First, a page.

Girls Not Brides USA: Recommendations for the First 100 Days in Office

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Girls Not Brides USA

Globally, 1 in 5 girls around the world are married while still children themselves — that’s 23 girls every minute who marry before the age of 18. Child marriage is a form of gender-based violence and a violation of girls’ human rights, and happens across cultures and contexts. Evidence shows that child marriage exposes girls to increased violence throughout their lives, denies them access to social networks and support systems, and perpetuates cycles of poverty and gender inequality, with both short- and long-term repercussions for girls’ education and health.

With the global spread of COVID-19, we are already seeing increases in child marriage due to the secondary impacts of the pandemic and related containment measures, including school closures, limited livelihood opportunities, food insecurity, restrictions on movement, and disruptions to essential protection and health services for girls.

In addition to its impact on generations of girls and their families, child marriage also inhibits the achievement of U.S. foreign policy goals. Child marriage perpetuates cycles of poverty, poor health, illiteracy, and gender-based violence that have negative impacts on overall sustainable development and global peace and security goals. We applaud commitments already made to promote U.S. global leadership and to champion girls’ empowerment in U.S. foreign policy and assistance, and we urge the next administration to continue to elevate the voices and needs of girls and young women globally.

Key Recommendations

Specifically, we would like to recommend five ways for the next Administration to promote the rights and empowerment of girls at risk of child marriage and already married girls in its first 100 days of office:

  1. Establish an inter-agency working group through executive order to review and improve the effectiveness and coordination of U.S. government efforts to end child marriage and address the needs of married girls globally.
  2. Prioritize addressing child marriage holistically in the U.S. Government global COVID-19 response and recovery efforts by applying a gender lens across all efforts, and by ensuring specific funding and programming to prevent child marriage and respond to the needs of married girls.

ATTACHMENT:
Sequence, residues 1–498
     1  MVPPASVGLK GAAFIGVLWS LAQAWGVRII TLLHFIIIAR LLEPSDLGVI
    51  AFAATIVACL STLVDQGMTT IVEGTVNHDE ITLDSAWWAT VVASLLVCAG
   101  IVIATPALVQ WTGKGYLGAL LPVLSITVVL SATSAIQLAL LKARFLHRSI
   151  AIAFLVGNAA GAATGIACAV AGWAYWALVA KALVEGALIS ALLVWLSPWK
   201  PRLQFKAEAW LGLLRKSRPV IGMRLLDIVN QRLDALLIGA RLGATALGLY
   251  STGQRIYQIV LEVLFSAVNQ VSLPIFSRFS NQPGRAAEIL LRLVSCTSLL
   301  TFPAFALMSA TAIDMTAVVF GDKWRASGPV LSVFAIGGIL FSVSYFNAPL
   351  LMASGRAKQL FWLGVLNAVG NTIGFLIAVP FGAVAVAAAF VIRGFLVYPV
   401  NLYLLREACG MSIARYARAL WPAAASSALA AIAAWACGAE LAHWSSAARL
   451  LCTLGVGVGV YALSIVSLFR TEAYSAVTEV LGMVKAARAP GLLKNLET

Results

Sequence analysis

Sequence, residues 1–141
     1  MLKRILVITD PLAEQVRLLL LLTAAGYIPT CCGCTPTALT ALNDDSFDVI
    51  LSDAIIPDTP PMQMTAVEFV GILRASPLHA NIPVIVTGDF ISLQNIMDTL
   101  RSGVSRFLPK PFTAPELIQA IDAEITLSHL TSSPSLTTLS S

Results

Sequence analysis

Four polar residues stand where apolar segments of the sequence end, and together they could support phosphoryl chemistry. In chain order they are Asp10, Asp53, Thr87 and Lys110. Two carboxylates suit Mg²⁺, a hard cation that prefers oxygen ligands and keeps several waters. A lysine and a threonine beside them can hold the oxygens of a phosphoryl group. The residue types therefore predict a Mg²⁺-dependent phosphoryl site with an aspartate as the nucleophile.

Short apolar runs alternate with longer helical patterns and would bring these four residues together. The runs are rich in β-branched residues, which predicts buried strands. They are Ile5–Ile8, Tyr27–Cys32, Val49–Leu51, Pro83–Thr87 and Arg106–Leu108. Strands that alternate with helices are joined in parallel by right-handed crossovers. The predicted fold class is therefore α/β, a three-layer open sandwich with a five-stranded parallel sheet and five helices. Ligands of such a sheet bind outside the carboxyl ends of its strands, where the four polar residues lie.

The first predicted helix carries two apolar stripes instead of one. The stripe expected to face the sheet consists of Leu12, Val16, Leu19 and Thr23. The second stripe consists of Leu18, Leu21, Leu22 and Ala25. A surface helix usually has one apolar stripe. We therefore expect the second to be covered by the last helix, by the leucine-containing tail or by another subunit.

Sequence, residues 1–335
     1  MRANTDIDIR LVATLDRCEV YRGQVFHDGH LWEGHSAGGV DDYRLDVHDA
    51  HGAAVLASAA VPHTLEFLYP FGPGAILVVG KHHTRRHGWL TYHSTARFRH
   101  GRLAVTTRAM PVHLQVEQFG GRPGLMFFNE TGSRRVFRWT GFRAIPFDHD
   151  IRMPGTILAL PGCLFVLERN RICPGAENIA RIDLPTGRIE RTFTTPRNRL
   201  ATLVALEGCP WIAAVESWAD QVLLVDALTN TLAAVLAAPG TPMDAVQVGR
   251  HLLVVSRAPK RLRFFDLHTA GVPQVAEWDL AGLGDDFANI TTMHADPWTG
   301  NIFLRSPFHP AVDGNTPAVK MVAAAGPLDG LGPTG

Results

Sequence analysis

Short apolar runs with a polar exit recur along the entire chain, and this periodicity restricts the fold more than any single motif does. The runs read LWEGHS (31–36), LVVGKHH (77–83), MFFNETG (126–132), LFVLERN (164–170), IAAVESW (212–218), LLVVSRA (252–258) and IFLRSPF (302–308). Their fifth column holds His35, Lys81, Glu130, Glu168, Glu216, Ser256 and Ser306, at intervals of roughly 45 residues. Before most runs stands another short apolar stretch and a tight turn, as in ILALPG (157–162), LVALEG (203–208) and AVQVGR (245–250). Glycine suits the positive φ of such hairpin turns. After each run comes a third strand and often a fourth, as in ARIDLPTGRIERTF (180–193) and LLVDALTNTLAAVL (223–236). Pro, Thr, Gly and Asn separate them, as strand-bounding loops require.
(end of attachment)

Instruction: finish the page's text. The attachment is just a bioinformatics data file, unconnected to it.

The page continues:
3. Demonstrate high-level global commitment to ending child marriage and responding to the needs of married girls by announcing it as a U.S. foreign policy and assistance priority during the 65th session of the Commission on the Status of Women in March 2021.
  4. Issue guidance from the National Security Council (NSC) to relevant agencies for civil society consultations that prioritize the safe and meaningful participation of adolescent girls, including girl-led groups and networks.
  5. Include funding for global programming in the President’s Budget Request that addresses the unique and intersecting needs of adolescent girls at risk of child marriage and already married girls, including:
    1. No less than $30 million should be dedicated to the implementation of a coordinated and comprehensive effort to end child marriage and meet the needs of married girls in alignment with the United States Strategy to Empower Adolescent Girls. This should be in addition to funding specifically to address the increased need due to COVID-19.
    2. These funds should include a commitment to the U.S. commitment to the joint UNICEF/UNFPA Global Program to End Child Marriage, which has generated remarkable results addressing child marriage in 12 of the most high-prevalence or high-burden countries. This commitment must be commensurate with the increased needs due to COVID-19.

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